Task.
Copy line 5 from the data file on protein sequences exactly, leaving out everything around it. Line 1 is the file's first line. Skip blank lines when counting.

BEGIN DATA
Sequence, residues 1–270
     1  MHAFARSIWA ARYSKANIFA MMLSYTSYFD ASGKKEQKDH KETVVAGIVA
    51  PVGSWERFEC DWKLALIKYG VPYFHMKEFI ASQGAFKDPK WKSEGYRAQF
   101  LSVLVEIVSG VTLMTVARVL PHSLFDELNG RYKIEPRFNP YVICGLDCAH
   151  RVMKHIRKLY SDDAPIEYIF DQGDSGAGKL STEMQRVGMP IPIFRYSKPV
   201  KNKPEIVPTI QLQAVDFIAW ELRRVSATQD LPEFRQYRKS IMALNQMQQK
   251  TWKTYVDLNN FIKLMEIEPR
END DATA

   151  RVMKHIRKLY SDDAPIEYIF DQGDSGAGKL STEMQRVGMP IPIFRYSKPV